Stillwater News Press

February 19, 2014

Cousteau explores stewardship of water resources

By Chris Day
Stillwater NewsPress

STILLWATER, Okla. — Water is the star of Alexandra Cousteau’s life.

It has been all her life. Water and exploration, you might say, are the family business. Her grandfather Jacques-Yve Cousteau and her father Philippe Cousteau Sr., took audiences worldwide below the surface of the ocean.

Her grandfather and engineer Emile Gagnan developed the Self-Contained Underwater Breathing Apparatus or scuba in 1943. Later, Jacques-Yves Cousteau would take followers under the sea in books, documentary films and television. Her grandfather and father produced the most popular documentary series in broadcast television history with the series “the Underwater World of Jacques Cousteau.”

Alexandra Cousteau joined her parents on an expedition to Easter Island when she was 4 months old. She was scuba diving at age 7.

“My grandfather created tools that allowed everybody to go do what he does. He democratized access to the oceans. He distributed that knowledge on television to millions of people in 100 countries. That was unique,” she said.

Alexandra Cousteau discussed the Cousteau legacy and her expeditions that explore water use and sustainability in the United States and throughout the world Wednesday night at Oklahoma State University’s Student Union Theater. The event was part of the university’s Research Week.

She established Blue Legacy International in 2008 to explore water issues and how those issues shape society. She has led expeditions to Colorado River, Tennesee River, Washington D.C., Mississippi River, Gulf of Mexico, Canada, Middle East, Botswana and the Middle East.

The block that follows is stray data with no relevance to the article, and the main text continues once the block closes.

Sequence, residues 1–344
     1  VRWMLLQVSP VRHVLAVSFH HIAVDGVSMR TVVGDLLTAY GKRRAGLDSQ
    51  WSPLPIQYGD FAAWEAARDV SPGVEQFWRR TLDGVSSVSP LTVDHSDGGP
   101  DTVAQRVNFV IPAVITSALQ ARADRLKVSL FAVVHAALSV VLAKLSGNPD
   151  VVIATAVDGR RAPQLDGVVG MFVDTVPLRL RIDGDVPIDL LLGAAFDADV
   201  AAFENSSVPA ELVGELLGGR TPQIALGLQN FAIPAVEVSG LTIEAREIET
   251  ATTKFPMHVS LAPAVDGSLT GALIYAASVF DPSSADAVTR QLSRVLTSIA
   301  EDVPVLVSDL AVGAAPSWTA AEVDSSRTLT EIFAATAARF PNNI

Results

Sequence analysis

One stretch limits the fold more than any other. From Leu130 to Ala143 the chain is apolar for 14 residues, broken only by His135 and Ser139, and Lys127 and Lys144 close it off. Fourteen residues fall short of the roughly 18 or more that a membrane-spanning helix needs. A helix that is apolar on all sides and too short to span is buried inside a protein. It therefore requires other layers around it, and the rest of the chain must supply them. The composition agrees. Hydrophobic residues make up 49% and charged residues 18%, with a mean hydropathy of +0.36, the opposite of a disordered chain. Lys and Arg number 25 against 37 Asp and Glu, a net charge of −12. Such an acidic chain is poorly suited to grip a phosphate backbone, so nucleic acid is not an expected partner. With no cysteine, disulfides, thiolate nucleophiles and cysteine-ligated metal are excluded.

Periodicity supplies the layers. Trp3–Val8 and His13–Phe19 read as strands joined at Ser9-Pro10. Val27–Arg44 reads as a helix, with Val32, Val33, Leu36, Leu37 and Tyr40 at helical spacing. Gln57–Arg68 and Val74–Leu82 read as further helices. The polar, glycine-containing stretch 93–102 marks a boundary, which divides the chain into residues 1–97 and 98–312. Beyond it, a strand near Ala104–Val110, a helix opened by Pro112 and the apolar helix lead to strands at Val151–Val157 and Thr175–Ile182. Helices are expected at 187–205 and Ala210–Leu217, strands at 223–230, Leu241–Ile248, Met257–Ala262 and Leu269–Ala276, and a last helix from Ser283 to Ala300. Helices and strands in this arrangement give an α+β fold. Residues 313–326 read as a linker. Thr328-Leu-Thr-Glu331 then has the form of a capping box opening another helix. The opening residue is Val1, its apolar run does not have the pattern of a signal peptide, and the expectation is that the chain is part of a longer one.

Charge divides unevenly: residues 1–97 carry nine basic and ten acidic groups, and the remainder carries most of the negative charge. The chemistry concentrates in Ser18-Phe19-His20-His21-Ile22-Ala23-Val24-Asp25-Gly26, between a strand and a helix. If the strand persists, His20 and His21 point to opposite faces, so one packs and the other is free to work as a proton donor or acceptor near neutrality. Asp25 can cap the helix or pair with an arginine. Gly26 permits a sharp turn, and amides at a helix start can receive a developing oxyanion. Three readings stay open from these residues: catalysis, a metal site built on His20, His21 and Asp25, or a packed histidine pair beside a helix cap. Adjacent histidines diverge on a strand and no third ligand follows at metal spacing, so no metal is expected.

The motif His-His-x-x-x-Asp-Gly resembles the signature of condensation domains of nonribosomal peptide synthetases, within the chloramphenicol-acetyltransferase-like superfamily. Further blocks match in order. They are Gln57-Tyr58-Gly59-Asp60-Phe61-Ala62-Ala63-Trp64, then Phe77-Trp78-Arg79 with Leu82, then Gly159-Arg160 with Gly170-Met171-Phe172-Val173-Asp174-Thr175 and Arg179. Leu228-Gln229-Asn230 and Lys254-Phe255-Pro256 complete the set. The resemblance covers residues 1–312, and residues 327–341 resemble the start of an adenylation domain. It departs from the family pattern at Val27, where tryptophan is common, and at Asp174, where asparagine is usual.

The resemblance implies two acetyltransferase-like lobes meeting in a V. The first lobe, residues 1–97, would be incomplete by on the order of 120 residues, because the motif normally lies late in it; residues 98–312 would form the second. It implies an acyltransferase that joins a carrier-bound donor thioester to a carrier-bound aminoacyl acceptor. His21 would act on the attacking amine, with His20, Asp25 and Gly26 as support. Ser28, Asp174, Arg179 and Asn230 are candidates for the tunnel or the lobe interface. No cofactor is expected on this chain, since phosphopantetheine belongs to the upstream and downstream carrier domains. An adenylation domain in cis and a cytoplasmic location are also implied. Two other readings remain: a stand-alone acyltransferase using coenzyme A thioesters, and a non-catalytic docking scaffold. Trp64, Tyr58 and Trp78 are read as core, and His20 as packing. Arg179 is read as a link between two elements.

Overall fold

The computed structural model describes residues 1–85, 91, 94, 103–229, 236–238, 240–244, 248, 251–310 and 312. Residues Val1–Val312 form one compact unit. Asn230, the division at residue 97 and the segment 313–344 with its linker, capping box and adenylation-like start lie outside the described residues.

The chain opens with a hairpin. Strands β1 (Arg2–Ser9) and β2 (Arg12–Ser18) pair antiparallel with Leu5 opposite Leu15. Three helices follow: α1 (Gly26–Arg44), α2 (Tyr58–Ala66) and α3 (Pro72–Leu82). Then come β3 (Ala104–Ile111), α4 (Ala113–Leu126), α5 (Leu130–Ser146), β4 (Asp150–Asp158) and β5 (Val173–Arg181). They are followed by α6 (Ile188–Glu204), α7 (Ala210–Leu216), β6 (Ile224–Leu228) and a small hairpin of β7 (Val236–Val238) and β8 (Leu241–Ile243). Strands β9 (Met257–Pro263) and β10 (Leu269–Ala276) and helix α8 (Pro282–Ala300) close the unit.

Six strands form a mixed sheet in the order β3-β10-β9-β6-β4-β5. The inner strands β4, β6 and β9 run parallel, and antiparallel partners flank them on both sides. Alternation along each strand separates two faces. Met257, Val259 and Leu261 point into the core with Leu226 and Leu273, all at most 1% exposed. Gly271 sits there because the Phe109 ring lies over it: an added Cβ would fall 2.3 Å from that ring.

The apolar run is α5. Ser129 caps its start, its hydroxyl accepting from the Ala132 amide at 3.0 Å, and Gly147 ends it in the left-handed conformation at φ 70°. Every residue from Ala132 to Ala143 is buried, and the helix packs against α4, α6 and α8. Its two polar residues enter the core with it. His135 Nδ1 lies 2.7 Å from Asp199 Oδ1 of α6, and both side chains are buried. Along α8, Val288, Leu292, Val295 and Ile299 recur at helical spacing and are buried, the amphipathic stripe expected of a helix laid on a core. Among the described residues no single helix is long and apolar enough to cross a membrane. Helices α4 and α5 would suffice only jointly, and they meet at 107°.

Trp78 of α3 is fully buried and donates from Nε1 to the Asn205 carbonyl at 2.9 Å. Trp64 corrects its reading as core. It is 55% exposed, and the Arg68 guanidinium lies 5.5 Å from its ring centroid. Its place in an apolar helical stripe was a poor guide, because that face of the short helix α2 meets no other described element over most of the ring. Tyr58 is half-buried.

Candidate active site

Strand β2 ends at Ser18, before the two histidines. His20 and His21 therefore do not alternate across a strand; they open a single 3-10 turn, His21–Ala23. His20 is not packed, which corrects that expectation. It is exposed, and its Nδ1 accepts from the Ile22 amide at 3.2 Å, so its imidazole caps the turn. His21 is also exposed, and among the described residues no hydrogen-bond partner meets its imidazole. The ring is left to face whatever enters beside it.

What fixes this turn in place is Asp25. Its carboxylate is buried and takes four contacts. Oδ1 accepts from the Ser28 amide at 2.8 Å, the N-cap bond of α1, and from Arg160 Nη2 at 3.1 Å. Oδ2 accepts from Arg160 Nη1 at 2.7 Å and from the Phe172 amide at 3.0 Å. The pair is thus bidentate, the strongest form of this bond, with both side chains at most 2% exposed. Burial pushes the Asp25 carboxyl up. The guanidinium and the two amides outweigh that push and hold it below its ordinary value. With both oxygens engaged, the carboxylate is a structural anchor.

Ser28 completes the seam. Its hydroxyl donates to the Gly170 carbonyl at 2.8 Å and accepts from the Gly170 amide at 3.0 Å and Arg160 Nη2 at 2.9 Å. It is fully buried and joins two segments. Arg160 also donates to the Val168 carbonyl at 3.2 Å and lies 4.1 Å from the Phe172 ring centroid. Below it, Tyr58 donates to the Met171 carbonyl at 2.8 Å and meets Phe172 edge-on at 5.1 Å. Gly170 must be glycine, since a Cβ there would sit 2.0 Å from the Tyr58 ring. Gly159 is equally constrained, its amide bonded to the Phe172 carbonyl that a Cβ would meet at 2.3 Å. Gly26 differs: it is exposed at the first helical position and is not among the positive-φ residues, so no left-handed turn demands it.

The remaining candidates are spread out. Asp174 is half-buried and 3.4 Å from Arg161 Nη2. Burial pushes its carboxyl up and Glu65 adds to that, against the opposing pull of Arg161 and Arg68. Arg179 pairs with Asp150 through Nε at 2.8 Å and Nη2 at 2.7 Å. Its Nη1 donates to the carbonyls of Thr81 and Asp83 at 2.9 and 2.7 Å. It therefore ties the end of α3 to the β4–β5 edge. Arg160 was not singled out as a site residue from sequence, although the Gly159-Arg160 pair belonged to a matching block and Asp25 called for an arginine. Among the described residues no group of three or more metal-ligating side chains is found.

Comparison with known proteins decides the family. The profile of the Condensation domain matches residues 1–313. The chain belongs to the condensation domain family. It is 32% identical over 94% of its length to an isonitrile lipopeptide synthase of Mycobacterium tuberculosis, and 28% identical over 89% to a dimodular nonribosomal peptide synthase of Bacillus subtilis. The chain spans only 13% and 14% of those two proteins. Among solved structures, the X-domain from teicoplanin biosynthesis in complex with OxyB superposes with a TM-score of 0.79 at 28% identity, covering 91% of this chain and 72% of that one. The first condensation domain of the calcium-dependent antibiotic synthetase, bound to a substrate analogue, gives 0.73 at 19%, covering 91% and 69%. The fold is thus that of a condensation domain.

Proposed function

Short films, blogs, photography and interactive elements on the www.alexanracousteau.org website promote conversations about the world’s water problems, she said.

A clip from Cousteau’s expedition to investigate water use and management on the 1,450-mile Colorado River showed how dams and water use drained the river before it reached the Gulf of Mexico.

The Colorado River was instrumental in settling the southwest. It slakes the thirst and meets the energy demands of approximately 30 million people.

“The death of the Colorado River is a pretty shocking occurrence,” she told the audience. “It’s happening here in the U.S. We know better. We’ve got money. We’ve got science. We’ve got a thriving civil society. We’ve got all the know-how to understand why it’s happening and why it shouldn’t happen and how to prevent it.”

There are too many straws removing water from the Colorado River, and government irrigation regulations that create a “use it or lose it” reality, she said.

If 1 percent of the water taken from the Colorado River was returned, the river would reconnect with the Gulf of Mexico, Cousteau said.

Politicians, environmentalists, scientists, The National Geographic Society and Environmental Defense Fund worked on a solution for approximately a decade. They sought a way to find that 1 percent and return it to the river.

On World Water Day, March 22, a pulse of water will be released and the Colorado River will reconnect with the sea, she said.

“That’s never happened before. That’s what I mean when I say the United States can create the solutions to problems that happen all over the world — rivers are falling to reach the sea all over the world,” she said. “Estuaries are drying up. Fishermen are having to change livelihood. Hopefully, now that we are able to do it with the Colorado we will be able to export that solution to other countries.”